By Evelyn Iritani, a Pulitzer Prize-winning writer and senior editor at the radio production house Bending Borders. Iritani recently returned from the Democratic Republic of Congo to report on an initiative, partly supported by Seattle organizations and humanitarians, that empowers those most disproportionately and unfairly afflicted by the cycle of violence – women.
Goma, DR Congo – The first thing Modestine Etoy does when the young mothers arrive at her door is listen.
It may take hours, or even days, before they are comfortable enough to share their secrets. But eventually they spill out.
The women tell stories of rape, incest or some other horrible abuse, often committed by people they trusted, such as teachers or relatives. They talk of being chased from their homes and raped by men with AK-47s, who left them for dead before moving on to claim a new woman or piece of territory in the civil war that has long decimated the eastern regions of this impoverished Central African country.
Almost always, they end with some version of “Fini mama” – Mother, my life is over.
But Etoy knows otherwise.
The 31-year-old Congolese native is the program manager at the Humanitarian Organization for Lasting Development or HOLD, a non-profit organization in Goma that helps teenage mothers rebuild lives shattered by violence, an unwanted pregnancy or sometimes both, sadly intertwined.
Etoy starts by trying to convince their families, or the families of the fathers of their children, to accept the young women back into their homes.
This isn’t easy in the Congo, where illegitimacy is shameful and pregnant teenagers are often rejected by their families or sent away to have their babies in secret.
Once she has found the young women a place to stay, she arms them with the knowledge they need to avoid ending up as prostitutes or beggars, the all too common ending for unwed teenagers. That includes teaching them about family planning and sexually transmitted diseases and enrolling them in a six-month training program to learn a marketable skill, such as cooking, tailoring or working in a beauty salon.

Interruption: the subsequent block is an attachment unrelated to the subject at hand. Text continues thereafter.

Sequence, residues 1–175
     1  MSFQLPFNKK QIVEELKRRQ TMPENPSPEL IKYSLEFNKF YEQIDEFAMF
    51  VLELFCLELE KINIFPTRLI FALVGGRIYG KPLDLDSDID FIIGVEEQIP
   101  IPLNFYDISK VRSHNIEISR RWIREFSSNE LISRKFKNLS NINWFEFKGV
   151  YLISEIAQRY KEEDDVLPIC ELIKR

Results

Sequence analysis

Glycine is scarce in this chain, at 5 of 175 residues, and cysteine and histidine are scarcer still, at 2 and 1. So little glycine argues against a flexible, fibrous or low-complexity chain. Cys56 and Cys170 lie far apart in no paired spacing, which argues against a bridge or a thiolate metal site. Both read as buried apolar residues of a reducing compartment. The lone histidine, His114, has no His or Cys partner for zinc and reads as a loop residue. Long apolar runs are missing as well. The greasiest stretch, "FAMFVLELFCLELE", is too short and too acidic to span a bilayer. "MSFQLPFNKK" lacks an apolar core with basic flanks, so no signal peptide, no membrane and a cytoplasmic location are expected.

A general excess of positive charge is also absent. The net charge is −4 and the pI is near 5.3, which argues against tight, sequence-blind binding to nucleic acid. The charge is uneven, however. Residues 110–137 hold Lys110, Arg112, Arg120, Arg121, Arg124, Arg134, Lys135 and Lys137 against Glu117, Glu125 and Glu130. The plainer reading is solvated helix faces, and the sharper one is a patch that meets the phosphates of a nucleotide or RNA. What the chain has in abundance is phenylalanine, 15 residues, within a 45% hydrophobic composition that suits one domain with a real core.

“Slowly, we show them that what they wanted to become is again possible,” explains Etoy. “Then, over a period of time, we help them feel that they can build their own future.”
During a recent visit to HOLD’s offices in Goma, the central hub of the conflict-ridden eastern Congo, the sounds of crying babies and giggling children mix with the sizzle of frying food and machinery. In one corner of the main room, a dozen women are learning to sew shirts. They guide their needles across the colorful print fabric while their feet pump the pedals that power their aging Singer machines. Electricity is in short supply in Goma. So is clean water and paved roads…the list goes on and on.
Nearby, other women sit in a circle around a small charcoal grill while their teacher explains how to season and assemble the meat and vegetable skewers that are popular street food. Several women hold sleeping babies while their older children play at their feet, perhaps hoping that a piece of meat or vegetable will fall their way.
It is hard to hear the teacher’s voice above the clatter, but Etoy knows the young mothers have no other place to take their children. Often, both the mother and her children arrive at HOLD’s offices hungry, having had nothing to eat since the day before. It is not uncommon for them to walk for as much as two hours just to get to their classes.
Women in the Congo are still, by law and custom, treated as second-class citizens. Married women must get their husband’s permission for many things, including using contraception, opening a bank account and starting a business.
Few women hold prominent positions in politics or business, though the 2005 constitution includes a commitment to increasing female representation in government. And human rights groups estimate more than half a million women have been raped or sexually brutalized in the bitter conflict that has claimed 5 million lives since 1996.
Etoy started her career at HEAL Africa, a leading provider of maternal and child health care services to rural communities across the Congo. Two years ago, she and some of her colleagues established HOLD. Its major backer is Act for Congo, a Seattle-based organization whose mission is strengthening leadership capabilities among young Congolese, particularly women.
“There is an expression in Lingala, “Mama ayei, njala esili, “Mama’s here, hunger is finished,” explains Judy Anderson, the executive director of Act for Congo. “That is the old dependency model and some people want to keep that going. I’d say my philosophy is catch and release. You catch them, you empower them and you release them.”
Anderson, who’s been a critical supporter of both HOLD and HEAL Africa, has worked on women’s issues in DR Congo for decades. Here’s a pre-Humanosphere story about Anderson’s own Congo story and her earlier work.